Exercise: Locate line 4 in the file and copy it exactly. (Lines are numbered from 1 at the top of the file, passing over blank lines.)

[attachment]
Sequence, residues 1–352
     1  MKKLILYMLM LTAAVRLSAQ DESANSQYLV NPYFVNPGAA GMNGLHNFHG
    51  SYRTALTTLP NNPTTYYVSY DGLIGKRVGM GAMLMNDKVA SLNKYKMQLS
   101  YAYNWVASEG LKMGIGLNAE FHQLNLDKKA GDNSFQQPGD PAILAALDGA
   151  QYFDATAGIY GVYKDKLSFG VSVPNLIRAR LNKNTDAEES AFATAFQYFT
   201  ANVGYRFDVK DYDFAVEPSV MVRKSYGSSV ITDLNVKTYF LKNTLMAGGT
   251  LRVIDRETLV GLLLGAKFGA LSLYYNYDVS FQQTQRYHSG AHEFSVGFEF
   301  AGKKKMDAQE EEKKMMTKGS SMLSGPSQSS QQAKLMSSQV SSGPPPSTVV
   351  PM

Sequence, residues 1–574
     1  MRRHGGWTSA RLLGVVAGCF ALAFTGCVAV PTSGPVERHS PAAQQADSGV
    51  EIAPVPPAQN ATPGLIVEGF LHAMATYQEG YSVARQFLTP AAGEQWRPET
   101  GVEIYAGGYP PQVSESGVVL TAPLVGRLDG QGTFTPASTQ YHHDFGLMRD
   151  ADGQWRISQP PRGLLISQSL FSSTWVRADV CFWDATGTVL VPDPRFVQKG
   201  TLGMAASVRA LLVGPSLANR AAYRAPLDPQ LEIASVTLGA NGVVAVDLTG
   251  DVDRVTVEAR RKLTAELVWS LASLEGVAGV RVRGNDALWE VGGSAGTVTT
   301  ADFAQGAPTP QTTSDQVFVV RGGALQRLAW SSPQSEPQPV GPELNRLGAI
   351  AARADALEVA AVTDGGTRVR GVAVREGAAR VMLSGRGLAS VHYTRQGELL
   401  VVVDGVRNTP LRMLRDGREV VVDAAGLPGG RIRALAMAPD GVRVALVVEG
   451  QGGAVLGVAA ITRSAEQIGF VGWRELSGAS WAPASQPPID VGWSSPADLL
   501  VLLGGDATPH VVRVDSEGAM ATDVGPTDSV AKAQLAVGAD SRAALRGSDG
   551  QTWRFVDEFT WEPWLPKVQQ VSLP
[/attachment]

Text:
   101  YAYNWVASEG LKMGIGLNAE FHQLNLDKKA GDNSFQQPGD PAILAALDGA